DNA damage leads to progressive replicative decline but extends the life span of long-lived mutant animals.

Lans H, Lindvall JM, Thijssen K, Karambelas AE, Cupac D, Fensgård O, Jansen G, Hoeijmakers JH, Nilsen H, Vermeulen W - Cell Death Differ. (2013)

ercc-1, xpg-1 and xpg-1 deficiency leads to developmental and growth defects. (a) depicts Nomarski images of a typical young adult wild-type animal and examples of similar age ercc-1, xpg-1 and xpf-1 animals that show growth and developmental defects. Images were taken with the same magnification. Bar in the first image represents 50 μm. (b) shows examples of similar-age normal (wild-type) and morphologically abnormal (ercc-1 and xpg-1) gonad/uterus areas. In the ercc-1 mutant, no healthy oocytes (white arrow) can be discerned in the proximal part of the gonad, whereas in the xpg-1 mutant, oocytes are present but the distal part of the gonad (arrowhead) is mislocalized. The bar in the first image represents 50 μm. (c) depicts the quantification of the growth of different mutants by counting the larval and adult stages that are observed ∼70 h after animals are laid as eggs at 20 °C
© Copyright Policy - open-access
Related In: Results  -  Collection

License
Show All Figures
getmorefigures.php?uid=PMC3824592&req=5

fig3: ercc-1, xpg-1 and xpg-1 deficiency leads to developmental and growth defects. (a) depicts Nomarski images of a typical young adult wild-type animal and examples of similar age ercc-1, xpg-1 and xpf-1 animals that show growth and developmental defects. Images were taken with the same magnification. Bar in the first image represents 50 μm. (b) shows examples of similar-age normal (wild-type) and morphologically abnormal (ercc-1 and xpg-1) gonad/uterus areas. In the ercc-1 mutant, no healthy oocytes (white arrow) can be discerned in the proximal part of the gonad, whereas in the xpg-1 mutant, oocytes are present but the distal part of the gonad (arrowhead) is mislocalized. The bar in the first image represents 50 μm. (c) depicts the quantification of the growth of different mutants by counting the larval and adult stages that are observed ∼70 h after animals are laid as eggs at 20 °C
Mentions: Consistent with the transcriptomic prominence of BPs related to growth and development, we noticed that a fraction of the population of ercc-1, xpf-1 and xpg-1 mutants displayed developmental and growth defects (Figures 3a and b and Table 1). To quantify this, we measured developmental speed of animals laid as eggs over ∼70 h at 20 °C, during which time all wild-type animals reached adulthood (Figure 3c). In contrast, around 20% of ercc-1/xpf-1 mutants failed to reach adulthood in this time period (Figure 3c). Similar defects were observed in another xpf-1 loss-of-function allelic variant (tm2842), which has not been described before but displays UV hypersensitivity that is similar to that of the xpf-1(e1487) mutant12 (Supplementary Figure S2). Furthermore, a comparable developmental delay was observed in two xpg-1 mutant strains (Figure 3c). Growth-retarded animals showed pleiotropic defects (Figures 3a and b). Some animals became adults at a later time point and laid eggs normally, whereas others produced inviable eggs or no eggs at all, or were arrested in development and never reached adulthood. A smaller but noteworthy proportion of xpa-1 animals were also growth-impaired (Figure 3c). This was also observed for xpc-1; csb-1 double mutants, which show a UV sensitivity that is similar to that of the xpa-1 animals, but not in xpc-1 or csb-1 single mutants, which are less UV-sensitive.12 These observations hint at a correlation between the severity of the phenotype and the severity of the DNA-repair deficiency and suggest that DNA-repair-deficient animals are arrested in development or develop slowly if unrepaired, spontaneous DNA damage interferes with genome function.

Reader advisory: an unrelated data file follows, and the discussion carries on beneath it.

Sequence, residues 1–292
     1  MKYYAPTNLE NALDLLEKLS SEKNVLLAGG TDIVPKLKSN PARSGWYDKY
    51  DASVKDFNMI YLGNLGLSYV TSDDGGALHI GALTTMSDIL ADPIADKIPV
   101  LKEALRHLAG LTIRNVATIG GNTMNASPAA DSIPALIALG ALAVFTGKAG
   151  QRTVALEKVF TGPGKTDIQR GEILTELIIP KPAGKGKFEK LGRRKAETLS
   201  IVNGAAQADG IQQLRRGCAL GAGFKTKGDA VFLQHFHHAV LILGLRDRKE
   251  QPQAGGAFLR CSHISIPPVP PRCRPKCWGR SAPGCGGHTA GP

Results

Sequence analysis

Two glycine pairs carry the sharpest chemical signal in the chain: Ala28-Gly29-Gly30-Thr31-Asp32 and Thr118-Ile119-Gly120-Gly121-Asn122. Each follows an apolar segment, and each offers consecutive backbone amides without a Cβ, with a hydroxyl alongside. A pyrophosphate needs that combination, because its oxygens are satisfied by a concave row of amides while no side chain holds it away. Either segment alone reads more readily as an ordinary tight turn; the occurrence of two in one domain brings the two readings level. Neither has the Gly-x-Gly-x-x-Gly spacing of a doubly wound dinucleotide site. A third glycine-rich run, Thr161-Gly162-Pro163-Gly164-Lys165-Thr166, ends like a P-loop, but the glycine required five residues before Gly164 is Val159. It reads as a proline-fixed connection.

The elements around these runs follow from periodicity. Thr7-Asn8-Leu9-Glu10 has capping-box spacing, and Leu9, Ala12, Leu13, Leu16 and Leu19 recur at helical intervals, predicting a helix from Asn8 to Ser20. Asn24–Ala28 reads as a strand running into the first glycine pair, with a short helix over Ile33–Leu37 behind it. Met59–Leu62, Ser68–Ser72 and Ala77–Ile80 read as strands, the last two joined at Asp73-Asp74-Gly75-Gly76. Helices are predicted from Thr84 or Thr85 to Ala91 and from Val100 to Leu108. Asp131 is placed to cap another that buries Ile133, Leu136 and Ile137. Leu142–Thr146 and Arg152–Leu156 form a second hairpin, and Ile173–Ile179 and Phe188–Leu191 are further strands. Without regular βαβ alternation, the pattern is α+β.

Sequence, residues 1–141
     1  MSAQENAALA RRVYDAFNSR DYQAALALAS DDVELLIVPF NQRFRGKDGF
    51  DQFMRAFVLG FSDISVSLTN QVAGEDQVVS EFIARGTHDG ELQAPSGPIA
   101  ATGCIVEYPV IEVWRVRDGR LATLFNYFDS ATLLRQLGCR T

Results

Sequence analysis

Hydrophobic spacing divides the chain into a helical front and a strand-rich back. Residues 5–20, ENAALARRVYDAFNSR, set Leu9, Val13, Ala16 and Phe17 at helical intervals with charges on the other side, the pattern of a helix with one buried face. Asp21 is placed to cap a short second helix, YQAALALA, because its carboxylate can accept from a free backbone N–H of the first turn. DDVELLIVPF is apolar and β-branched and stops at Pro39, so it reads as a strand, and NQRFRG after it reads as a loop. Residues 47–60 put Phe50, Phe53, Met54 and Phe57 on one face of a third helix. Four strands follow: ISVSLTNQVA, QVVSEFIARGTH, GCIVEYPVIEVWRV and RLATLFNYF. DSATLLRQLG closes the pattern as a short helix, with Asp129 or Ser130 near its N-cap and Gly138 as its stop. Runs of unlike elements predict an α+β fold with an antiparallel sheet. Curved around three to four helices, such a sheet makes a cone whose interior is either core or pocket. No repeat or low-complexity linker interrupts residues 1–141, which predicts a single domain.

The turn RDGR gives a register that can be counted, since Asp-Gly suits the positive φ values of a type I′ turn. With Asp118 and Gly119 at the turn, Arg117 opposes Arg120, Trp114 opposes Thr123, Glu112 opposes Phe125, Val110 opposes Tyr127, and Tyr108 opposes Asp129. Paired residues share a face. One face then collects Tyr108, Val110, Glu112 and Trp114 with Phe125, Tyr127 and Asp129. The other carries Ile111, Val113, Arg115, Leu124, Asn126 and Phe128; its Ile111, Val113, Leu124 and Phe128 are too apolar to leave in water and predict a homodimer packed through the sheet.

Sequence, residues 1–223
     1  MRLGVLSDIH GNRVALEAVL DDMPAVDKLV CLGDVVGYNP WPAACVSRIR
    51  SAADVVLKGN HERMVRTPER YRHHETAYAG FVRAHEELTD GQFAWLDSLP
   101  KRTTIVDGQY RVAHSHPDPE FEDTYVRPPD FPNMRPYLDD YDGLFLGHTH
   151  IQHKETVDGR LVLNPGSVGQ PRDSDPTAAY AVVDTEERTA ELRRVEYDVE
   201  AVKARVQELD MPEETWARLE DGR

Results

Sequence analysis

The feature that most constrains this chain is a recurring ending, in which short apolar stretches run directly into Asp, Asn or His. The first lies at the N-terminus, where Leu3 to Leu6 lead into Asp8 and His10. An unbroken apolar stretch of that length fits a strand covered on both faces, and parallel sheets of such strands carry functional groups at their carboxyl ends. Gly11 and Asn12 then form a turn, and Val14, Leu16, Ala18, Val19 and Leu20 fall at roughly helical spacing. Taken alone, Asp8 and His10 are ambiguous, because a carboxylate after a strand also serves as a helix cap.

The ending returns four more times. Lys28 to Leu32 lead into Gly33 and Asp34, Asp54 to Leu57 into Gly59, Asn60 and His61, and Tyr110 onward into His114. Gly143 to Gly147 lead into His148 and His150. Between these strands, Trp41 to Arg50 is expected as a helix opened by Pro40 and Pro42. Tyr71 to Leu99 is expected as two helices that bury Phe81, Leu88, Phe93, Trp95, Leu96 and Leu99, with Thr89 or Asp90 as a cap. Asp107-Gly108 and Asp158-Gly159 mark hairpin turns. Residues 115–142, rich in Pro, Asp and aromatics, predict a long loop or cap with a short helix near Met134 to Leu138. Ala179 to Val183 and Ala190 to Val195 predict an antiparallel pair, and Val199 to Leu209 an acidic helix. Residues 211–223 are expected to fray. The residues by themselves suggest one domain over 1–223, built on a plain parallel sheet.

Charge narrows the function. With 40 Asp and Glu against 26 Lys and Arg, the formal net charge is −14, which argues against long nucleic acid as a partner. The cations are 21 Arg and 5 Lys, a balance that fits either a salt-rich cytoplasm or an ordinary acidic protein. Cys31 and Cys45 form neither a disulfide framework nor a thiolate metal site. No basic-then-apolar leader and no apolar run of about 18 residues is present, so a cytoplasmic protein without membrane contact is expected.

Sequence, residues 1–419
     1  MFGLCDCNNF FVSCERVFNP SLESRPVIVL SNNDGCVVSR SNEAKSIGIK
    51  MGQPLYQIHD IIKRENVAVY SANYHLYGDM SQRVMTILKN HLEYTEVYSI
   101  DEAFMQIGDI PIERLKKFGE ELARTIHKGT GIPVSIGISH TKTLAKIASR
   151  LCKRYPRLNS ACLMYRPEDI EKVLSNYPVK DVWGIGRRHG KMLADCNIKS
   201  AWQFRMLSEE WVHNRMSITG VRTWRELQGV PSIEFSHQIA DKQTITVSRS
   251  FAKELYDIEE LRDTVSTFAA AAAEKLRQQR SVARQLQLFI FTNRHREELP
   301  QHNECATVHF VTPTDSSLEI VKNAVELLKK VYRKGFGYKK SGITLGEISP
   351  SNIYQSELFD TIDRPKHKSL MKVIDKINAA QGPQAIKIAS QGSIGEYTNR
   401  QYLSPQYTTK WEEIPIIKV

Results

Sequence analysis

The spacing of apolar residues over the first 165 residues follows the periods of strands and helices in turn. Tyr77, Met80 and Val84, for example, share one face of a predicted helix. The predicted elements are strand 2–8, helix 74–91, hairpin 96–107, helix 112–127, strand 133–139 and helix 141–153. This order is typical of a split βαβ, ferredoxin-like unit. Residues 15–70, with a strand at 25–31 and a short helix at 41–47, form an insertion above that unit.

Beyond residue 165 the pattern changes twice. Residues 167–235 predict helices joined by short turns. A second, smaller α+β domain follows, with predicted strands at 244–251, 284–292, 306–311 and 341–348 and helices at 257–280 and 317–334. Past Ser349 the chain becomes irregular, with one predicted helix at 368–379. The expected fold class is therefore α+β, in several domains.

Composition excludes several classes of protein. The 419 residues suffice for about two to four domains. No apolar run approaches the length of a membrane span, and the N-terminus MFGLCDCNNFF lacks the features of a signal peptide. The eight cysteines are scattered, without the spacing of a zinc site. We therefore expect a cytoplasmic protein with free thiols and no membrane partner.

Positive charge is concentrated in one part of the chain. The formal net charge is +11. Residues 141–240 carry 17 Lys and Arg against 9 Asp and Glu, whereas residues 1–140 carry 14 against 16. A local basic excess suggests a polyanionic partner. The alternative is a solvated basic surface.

Bottom Line: Surprisingly, loss of functional ERCC-1/XPF even further extends the life span of long-lived daf-2 mutants, likely through an adaptive activation of stress signaling.Contrariwise, NER deficiency leads to a striking transgenerational decline in replicative capacity and viability of proliferating cells.These results suggest that multiple DNA-repair pathways can protect against replicative decline and indicate that there might be a direct link between the severity of symptoms and the level of DNA-repair deficiency in patients.

View Article: PubMed Central - PubMed

Affiliation: Department of Genetics, Biomedical Science, Erasmus MC, Rotterdam, The Netherlands.

ABSTRACT
Human-nucleotide-excision repair (NER) deficiency leads to different developmental and segmental progeroid symptoms of which the pathogenesis is only partially understood. To understand the biological impact of accumulating spontaneous DNA damage, we studied the phenotypic consequences of DNA-repair deficiency in Caenorhabditis elegans. We find that DNA damage accumulation does not decrease the adult life span of post-mitotic tissue. Surprisingly, loss of functional ERCC-1/XPF even further extends the life span of long-lived daf-2 mutants, likely through an adaptive activation of stress signaling. Contrariwise, NER deficiency leads to a striking transgenerational decline in replicative capacity and viability of proliferating cells. DNA damage accumulation induces severe, stochastic impairment of development and growth, which is most pronounced in NER mutants that are also impaired in their response to ionizing radiation and inter-strand crosslinks. These results suggest that multiple DNA-repair pathways can protect against replicative decline and indicate that there might be a direct link between the severity of symptoms and the level of DNA-repair deficiency in patients.

Show MeSH
Related in: MedlinePlus